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Olympic Games Tokyo 2020: Germany cannot fill the squad

Coach Stefan Kuntz cannot fill his squad for the Olympic Games in Japan. Above all, he lacks the support of the clubs. This is a disappointment for German football. The clubs trample the Olympic spirit. As a fan, you can support your teams simply by watching the games on your TV, live streaming on your laptop, and live at the field whenever possible. If you like placing bets for your favorite team you can visit NetBet Sport.

German football suffers from far more than Joachim Löw’s wrong EM tactics. He has fundamental problems and needs far-reaching changes to even have the chance to make it back to the top of the world. It takes a rethink – not only in the German Football Association (DFB) but above all in the management levels of the Bundesliga clubs.

This is shown by the statements of Stefan Kuntz. It is alarming. And shows everyone what is wrong. There is too little togetherness and too little mutual commitment.

Kuntz is training the German selection, which will compete in the Olympic Games in Japan from next week. Months ago, the coach drew up a list of 100 players, phoned clubs, and professionals – and in the end, there were only 18 players left for his squad, including three goalkeepers.

Kuntz could have taken 22 players to Japan, so he has to leave four squad places open. There is probably no other sport like that. Even if no spectators will cheer in the stands due to the global situation: Mind you, it is about the line-up for the largest sporting event in the world. The fact that Kuntz now has to compete with a rump squad in Japan is an indictment of German football. And for German sport in general.

The coach rightly criticizes the lack of support from most clubs. In recent years, those responsible for the clubs have repeatedly emphasized the importance of youth work. When it comes to releasing the players, sometimes there is no action. That is bitter for Kuntz – and anything but beneficial for German football.

Should a player injure himself during the Olympic Games, Kuntz can no longer make full use of his five exchange options with field players. FC Bayern, for example, was not ready to release their substitute goalkeeper Ron-Thorben Hoffmann. Due to the tight rhythm of the game and the intensity, Kuntz must expect injuries.

Five years ago, the Germans made it to the finals at the summer games in Brazil, only to lose on penalties against the hosts in Brazil. The result: the market values ​​of the German players rose. In the DFB they are now emphasizing that the clubs also benefited from it back then. That’s true. Serge Gnabry, for example, developed into a much sought-after attacking star and is now playing for FC Bayern.

In this respect, more support would have been appropriate. German football tramples the Olympic spirit. Several clubs let Kuntz and his selection down. That is more than a shame. It’s unfair.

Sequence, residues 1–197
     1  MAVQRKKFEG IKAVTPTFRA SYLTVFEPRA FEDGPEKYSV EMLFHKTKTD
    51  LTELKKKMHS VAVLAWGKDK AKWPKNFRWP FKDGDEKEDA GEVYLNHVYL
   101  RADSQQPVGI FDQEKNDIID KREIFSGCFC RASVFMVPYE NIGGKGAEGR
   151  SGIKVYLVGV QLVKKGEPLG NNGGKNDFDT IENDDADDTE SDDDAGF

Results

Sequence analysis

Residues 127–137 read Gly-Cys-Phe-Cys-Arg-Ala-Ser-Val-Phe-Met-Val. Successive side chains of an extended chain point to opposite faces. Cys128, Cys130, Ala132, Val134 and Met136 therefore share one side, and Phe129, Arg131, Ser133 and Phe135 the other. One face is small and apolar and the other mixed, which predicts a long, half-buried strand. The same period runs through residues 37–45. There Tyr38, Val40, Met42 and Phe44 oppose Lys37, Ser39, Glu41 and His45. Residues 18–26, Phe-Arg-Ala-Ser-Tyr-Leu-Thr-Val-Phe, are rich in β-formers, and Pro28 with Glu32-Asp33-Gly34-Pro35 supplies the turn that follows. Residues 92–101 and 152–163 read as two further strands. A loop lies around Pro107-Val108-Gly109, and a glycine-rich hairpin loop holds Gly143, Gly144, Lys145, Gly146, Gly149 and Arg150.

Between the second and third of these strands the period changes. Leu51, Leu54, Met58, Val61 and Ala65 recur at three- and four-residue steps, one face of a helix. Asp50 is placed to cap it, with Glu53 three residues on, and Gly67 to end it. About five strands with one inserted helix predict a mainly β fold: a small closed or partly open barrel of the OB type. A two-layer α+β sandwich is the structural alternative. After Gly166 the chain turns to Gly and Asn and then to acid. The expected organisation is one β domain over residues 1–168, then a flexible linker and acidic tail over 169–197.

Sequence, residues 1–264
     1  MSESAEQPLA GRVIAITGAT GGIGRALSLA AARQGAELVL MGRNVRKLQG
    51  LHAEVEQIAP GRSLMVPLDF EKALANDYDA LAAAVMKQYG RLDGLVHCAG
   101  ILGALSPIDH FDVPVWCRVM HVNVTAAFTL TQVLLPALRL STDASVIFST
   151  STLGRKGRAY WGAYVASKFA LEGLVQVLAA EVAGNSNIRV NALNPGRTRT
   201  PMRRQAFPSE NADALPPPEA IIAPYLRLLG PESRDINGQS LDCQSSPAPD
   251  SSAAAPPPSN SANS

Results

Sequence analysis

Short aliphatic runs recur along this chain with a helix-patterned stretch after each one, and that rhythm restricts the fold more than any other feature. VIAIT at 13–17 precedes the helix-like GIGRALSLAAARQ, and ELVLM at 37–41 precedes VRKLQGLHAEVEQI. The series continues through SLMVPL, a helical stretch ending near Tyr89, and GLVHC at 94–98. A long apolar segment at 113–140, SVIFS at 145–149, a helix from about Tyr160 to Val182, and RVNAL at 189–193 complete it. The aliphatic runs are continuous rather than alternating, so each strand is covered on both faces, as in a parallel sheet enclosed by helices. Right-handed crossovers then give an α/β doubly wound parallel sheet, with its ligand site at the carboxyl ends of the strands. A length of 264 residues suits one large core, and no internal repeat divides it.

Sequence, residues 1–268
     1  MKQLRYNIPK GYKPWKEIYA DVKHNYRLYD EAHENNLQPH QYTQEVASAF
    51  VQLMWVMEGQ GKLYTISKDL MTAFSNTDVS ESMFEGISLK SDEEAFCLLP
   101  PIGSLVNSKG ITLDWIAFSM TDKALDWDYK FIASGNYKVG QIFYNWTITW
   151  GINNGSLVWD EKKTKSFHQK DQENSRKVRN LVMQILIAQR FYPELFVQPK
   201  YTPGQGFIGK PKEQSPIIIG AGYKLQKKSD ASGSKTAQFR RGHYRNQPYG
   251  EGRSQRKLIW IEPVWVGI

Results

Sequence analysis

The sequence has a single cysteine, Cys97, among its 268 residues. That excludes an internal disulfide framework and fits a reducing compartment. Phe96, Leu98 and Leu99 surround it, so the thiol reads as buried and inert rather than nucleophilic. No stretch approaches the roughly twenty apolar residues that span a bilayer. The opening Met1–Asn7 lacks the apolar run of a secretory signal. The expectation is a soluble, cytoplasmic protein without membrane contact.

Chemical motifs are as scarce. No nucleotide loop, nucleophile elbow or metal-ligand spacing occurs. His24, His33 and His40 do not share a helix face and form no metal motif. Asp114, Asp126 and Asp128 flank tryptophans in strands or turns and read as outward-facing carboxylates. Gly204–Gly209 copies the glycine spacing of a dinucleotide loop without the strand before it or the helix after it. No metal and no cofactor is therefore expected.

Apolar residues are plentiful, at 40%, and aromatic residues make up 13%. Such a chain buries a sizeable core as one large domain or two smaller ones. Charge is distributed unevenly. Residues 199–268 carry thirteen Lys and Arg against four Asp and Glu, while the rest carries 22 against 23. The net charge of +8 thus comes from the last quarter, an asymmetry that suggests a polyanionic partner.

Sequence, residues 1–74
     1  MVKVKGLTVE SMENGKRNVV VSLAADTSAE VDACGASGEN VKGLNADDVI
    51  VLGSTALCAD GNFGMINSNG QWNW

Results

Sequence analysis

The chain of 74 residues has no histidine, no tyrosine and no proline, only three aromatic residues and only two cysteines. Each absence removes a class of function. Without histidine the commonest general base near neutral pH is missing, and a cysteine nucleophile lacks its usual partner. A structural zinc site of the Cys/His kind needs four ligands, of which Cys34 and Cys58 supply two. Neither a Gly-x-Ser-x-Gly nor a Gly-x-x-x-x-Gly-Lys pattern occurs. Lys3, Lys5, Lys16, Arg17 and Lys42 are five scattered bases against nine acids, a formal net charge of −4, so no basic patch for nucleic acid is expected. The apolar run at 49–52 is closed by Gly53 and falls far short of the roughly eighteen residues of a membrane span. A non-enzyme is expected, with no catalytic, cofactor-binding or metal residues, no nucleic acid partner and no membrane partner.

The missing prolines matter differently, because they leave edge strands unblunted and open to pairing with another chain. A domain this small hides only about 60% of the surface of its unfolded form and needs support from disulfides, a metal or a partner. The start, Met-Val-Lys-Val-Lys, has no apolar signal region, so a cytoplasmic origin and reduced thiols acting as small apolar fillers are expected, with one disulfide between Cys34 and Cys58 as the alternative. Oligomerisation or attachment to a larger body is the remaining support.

Tournaments at the highest level with international comparisons take players to the next level. National coach Hans-Dieter “Hansi” Flick also relies on young players receiving support before he can call them up for the national team. Experiences like participating in the Olympic Games are irreplaceable.

It takes more dialogue, more exchange, and the willingness of the clubs to put their interests aside to bring German football forward. Otherwise, they will stay second class for a long time.

What is Stefan’s Kuntz background?

Stefan Kuntz (born October 30, 1962, in Neunkirchen) is a former German football player and official and current football coach. As a player, he made a total of 449 games (179 goals) in the Bundesliga for VfL Bochum, Bayer 05 Uerdingen, 1. FC Kaiserslautern and Arminia Bielefeld from 1983 to 1999. He also played in Turkey for Beşiktaş Istanbul.

With 1. FC Kaiserslautern he won the DFB Cup in 1990 and the German champion in 1991. In 1985/86 and 1993/94 seasons, he was the top scorer in the Bundesliga, 1987/88, and 1989/90 also in the DFB Cup. From 1993 to 1997 Kuntz was a national team player of the DFB and became European champion in 1996. In 1991 he was voted Germany’s first footballer of the year who had not yet played in the national team.

After several, above all, lower-class positions as a coach, of which Karlsruher SC was the most prominent between 2000 and 2002, Kuntz was manager of VfL Bochum from 2006 to 2008 and chairman of the board of 1. FC Kaiserslautern from 2008 to 2016. Since August 2016 he has been working again as a coach for the German U21 national team and led them to the title at both the European Championships in Poland in 2017 and the European Championships in Slovenia in 2021.

 

 

 

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Explanation: player statistics (a/b c)

a - games played this season

b - goals scored

c - team position (d - defender, m - midfielder, f - forward, g - goalkeeper).




July 20, 2021 at 1:42 am
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